About 30 activists are believed to have have been charged over rowdy demonstrations during which people were manhandled and pepper-sprayed outside a Melbourne mining conference.
The volatile rally outside the city’s Convention and Exhibition Centre ended on Thursday in a calmer fashion than the previous two days which saw tense clashes with police.
Some 100 demonstrators, some wearing goggles, masks and raincoats – and covered in wet paint to deter police from grabbing them – chanted before marching to the office of mining company Rio Tinto on Thursday.
The group partially blocked Collins Street for a short time while they gave speeches, before peacefully dispersing.
But activists are expected to gather for another rally outside a dinner for conference attendees in Southbank later in the day.
One protest organiser, who did not wish to be named, said some 30 people had been charged since Tuesday, while a further 50 had been released and told they might be charged on summons.
The activist said he was one of a number of people arrested on Tuesday while using a megaphone to co-ordinate the protests.
He said he had been accused of breaching the peace, refusing to move on when asked to do so and resisting arrest.
Seventeen people were arrested on Wednesday. By the end of Tuesday police said 50 arrests had been made involving 47 people – three of whom had been arrested twice.
Asked how many of those arrested had been charged, Victoria Police said on Thursday could not give a figure as people were still being “processed”.
The alleged offences include conduct endangering life, obstruction of an emergency service worker and obstruction of roadways.
On Wednesday, about 300 protesters tried to block access to the conference with some glueing themselves to the ground and others shimmying up poles.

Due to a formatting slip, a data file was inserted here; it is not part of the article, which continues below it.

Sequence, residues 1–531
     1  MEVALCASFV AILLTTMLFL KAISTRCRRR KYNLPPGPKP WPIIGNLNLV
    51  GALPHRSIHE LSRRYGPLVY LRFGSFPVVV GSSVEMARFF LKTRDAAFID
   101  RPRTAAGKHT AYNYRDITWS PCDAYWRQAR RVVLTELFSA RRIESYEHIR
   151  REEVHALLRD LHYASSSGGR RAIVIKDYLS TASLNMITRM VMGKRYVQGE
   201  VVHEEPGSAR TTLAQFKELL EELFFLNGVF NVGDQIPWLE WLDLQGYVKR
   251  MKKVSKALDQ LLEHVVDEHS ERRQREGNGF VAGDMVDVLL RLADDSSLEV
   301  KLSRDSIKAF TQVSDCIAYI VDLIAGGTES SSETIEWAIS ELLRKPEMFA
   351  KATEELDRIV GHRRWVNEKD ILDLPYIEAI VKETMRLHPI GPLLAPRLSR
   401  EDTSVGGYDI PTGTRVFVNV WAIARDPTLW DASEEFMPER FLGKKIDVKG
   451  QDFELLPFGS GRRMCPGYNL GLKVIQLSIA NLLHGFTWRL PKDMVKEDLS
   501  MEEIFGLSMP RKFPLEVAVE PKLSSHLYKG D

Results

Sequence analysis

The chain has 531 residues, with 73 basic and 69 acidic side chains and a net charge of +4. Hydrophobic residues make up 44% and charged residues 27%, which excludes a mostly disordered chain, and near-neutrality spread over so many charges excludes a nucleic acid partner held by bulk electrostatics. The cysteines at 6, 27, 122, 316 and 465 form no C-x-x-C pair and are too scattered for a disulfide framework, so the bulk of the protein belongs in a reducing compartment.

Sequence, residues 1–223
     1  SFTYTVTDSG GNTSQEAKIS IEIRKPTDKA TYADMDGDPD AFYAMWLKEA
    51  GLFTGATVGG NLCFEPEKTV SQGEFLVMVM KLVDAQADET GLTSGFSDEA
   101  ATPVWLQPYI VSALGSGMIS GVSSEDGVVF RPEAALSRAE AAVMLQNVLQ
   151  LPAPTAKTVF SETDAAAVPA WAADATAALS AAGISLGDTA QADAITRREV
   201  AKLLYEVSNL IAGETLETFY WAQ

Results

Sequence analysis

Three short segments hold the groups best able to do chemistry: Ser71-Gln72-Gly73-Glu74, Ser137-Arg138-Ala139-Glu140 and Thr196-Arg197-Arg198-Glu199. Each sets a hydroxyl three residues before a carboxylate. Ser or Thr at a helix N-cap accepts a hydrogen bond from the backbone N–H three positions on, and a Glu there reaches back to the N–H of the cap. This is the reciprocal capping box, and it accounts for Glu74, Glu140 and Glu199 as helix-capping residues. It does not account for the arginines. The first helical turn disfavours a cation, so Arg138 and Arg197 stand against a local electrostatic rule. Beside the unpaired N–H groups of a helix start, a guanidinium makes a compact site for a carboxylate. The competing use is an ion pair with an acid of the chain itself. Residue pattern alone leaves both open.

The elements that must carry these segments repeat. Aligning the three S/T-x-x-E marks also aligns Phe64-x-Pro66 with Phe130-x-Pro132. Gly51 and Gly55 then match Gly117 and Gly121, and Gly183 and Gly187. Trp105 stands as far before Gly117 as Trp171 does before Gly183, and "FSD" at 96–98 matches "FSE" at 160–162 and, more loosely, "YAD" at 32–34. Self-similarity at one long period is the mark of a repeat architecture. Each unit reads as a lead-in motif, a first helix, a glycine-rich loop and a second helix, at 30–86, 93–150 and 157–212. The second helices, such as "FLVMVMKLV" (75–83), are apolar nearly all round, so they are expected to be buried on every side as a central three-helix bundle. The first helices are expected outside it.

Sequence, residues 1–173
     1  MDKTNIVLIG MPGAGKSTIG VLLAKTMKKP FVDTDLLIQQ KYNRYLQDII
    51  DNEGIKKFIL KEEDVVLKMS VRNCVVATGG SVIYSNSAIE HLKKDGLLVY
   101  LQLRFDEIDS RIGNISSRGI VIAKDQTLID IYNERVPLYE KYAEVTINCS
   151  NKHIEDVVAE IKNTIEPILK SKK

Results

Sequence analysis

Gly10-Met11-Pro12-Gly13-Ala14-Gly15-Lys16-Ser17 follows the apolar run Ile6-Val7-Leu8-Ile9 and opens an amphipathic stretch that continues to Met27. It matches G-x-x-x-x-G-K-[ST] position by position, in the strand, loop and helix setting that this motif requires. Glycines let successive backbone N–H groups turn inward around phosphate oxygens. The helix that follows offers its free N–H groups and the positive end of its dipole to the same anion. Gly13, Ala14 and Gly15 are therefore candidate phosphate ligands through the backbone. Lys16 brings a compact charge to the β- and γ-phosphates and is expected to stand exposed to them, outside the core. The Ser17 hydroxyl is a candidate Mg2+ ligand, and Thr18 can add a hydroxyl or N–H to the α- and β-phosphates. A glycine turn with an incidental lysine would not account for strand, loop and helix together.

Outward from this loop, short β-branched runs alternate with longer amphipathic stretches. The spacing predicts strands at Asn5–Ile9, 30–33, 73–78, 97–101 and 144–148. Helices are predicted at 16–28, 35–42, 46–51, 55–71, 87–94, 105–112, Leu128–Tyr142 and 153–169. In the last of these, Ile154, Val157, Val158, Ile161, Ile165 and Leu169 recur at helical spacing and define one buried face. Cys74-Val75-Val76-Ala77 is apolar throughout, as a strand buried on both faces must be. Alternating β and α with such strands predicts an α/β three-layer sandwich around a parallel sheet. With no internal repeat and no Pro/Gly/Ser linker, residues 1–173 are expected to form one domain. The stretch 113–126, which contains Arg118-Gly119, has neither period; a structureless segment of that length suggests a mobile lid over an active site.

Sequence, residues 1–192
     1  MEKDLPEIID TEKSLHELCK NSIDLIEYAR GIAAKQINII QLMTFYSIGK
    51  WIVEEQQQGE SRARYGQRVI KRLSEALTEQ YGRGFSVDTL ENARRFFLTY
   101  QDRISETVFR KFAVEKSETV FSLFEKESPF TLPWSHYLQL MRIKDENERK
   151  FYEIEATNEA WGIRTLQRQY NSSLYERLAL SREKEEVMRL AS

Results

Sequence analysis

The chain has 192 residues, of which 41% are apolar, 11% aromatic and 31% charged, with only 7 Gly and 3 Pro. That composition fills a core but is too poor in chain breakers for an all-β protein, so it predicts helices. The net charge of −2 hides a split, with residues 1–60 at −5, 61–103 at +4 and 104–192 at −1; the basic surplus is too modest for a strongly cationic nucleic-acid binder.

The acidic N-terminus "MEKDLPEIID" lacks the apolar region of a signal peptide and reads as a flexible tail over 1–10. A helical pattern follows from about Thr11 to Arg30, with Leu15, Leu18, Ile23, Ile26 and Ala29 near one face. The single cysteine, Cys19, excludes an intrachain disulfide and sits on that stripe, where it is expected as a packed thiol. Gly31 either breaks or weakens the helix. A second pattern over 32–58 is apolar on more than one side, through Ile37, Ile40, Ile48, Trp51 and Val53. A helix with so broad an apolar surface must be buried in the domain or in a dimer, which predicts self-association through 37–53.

At least two protesters made it inside the meeting, with one storming the stage before being removed.
Tuesday’s clashes ended with two protesters and four police officers suffering injuries.
Victoria Police acting commander Tim Tully said officers had been doing “a tremendous job in what has been very difficult and trying circumstances”.
He told 3AW that while police did not want to use capsicum spray on the crowds he believed it was “completely justified in the circumstances”.
Protest spokesperson Emma Black has accused police of “atrocious” treatment of protesters.
Australian Greens MP Adam Bandt said police had been heavy-handed.
“You can’t pepper spray your way out of a climate crisis,” he told reporters.
You can’t pepper spray your way out of the climate crisis, governments. https://t.co/SoPJU89VtA
— Adam Bandt (@AdamBandt) October 30, 2019
A GoFundMe page set up by protest organisers to pay for legal and medical costs has so far raised more than $16,000.
“We’ll have more to say in coming days about the vicious actions of the police this week,” Ms Black said.
“But one thing is certain: as the climate emergency intensifies, there’s an urgent need to keep building civil disobedience actions.”